The best way to maximise this time is to write for scanners. That means:

  • Short, punchy headlines that tell readers exactly what the article is about.
  • Bulleted lists wherever possible. The first two words – 11 characters – should be loaded. If they aren’t info-based, readers will move on.
  • Simple words. Short paragraphs. It’s much easier to read small, bite-sized chunks than text that’s been heaped on you and never ends.

Why utilise longer words when diminutive expressions succeed just as effectively?

Why use long words when small ones work just as well?

  • Key-word rich hyperlinks. Not ‘click here’ but ‘download catalogue’ or ‘register now’.

 

3
Design for scanners

Design should work hand-in-hand with copy to visually compliment what you’re trying to say. Done right, and it’s a fantastic way to draw the reader to the most important information.

For example:

  • Bold text for headers grabs attention and makes for easy scanning.
  • White space gives you ‘breathing room’. It also increases legibility, which is key when viewing on a mobile device.
  • Buttons or coloured links for the call to action makes it stand out.
  • ‘Read more’ links are a great tool to shorten long articles.
  • Group content into smaller sections using dividers, borders or boxes.

Consistency is key

There’s no point adhering to the above if you have a rainbow of colours, images, borders and font sizes. It’s far too messy on the eye, and a sure way to switch someone off.

Instead, choose one or two colour themes and stick to it. Limit your font choices. And use a larger font for readability – at least 14pt for the body copy.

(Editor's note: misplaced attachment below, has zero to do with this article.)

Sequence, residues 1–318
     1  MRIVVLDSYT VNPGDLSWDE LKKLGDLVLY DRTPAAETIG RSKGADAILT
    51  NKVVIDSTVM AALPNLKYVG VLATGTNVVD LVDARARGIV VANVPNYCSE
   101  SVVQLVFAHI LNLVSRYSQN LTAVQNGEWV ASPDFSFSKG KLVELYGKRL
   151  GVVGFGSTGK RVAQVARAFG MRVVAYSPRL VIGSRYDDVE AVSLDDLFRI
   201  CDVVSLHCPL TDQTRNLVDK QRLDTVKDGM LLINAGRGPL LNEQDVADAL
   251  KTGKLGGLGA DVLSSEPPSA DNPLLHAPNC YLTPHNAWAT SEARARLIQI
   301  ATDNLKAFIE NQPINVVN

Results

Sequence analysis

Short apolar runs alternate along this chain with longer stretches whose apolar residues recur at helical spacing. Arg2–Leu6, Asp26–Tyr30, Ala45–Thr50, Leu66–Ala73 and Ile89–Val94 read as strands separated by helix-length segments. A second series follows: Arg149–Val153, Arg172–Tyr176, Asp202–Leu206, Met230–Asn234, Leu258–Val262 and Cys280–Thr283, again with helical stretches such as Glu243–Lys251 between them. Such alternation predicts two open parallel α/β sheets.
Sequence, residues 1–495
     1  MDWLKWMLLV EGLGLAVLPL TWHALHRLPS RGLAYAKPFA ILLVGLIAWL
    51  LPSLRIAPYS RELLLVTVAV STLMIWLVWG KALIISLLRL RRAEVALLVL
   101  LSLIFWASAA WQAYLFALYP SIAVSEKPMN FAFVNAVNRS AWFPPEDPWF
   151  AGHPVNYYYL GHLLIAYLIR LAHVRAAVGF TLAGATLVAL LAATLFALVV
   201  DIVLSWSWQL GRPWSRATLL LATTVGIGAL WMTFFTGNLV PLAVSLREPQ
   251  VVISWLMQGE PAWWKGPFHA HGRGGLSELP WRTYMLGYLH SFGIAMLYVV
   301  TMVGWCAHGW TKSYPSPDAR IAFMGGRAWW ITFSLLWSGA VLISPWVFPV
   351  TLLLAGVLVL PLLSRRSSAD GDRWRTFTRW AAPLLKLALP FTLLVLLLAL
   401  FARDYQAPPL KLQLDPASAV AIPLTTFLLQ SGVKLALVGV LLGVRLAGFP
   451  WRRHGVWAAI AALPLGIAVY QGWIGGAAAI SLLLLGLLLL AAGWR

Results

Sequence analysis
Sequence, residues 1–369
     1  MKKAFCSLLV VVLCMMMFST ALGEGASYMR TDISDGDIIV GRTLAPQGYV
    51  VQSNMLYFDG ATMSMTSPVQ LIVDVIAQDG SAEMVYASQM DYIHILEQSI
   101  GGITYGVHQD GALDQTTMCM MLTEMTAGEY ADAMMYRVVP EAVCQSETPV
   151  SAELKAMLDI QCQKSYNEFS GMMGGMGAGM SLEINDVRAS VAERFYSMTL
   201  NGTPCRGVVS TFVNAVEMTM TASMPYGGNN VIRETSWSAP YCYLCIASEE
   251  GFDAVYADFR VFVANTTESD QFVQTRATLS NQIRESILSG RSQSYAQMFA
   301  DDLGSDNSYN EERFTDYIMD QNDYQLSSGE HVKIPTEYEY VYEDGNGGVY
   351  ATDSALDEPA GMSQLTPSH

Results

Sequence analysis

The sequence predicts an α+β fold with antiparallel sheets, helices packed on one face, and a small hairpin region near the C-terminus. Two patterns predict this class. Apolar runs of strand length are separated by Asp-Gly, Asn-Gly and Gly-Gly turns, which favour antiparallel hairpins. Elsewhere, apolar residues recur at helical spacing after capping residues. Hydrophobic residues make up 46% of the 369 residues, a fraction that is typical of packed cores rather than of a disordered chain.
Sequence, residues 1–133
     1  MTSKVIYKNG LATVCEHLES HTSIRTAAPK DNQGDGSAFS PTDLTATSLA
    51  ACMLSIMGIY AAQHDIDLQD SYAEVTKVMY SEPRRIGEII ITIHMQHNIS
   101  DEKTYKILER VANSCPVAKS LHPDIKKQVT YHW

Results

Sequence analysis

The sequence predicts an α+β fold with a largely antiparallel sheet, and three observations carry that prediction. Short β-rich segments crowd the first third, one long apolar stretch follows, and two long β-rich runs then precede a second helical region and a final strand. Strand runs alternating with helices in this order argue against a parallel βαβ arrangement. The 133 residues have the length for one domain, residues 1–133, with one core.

4
Make your emails mobile-friendly

People often delete or unsubscribe from emails that aren’t mobile-friendly.

If it’s too hard to read, too hard to navigate and too hard to scroll through, they’re gone.

Ideally, your content should fit a layout of 600px wide for best viewing and different device responsiveness.

 

 

5
Test, test, test! 

We can’t stress this enough: testing is key!

Start by sending your email to a test list before it ends up to the masses.

Ask them to test if your links are working correctly, if the content is displaying properly on different devices, if it’s engaging and easy to read. Their feedback is invaluable because it allows you to tweak your email to perfection.

Testing is a slow process, purely because there are so many things you can compare and check:

  • Subject line length and copy
  • From line (an organisation or a person?)
  • Layout, colour and format
  • Length
  • Inclusion of videos
  • The best time to send your email
  • Use of buttons or no buttons

 

Time to re-cap

There’s no doubt that email marketing is an important tool for fundraisers. But don’t despair if your eDM’s aren’t hitting the mark. Sometimes all it takes is a few tweaks to ramp up engagement, click-throughs and retention.
  1. Check your subject lines
  2. Choose simple words and short paragraphs
  3. Use simple, consistent design
  4. Think about how your email is being viewed
  5. Test!

Anything else you’d add to this list? Let us know.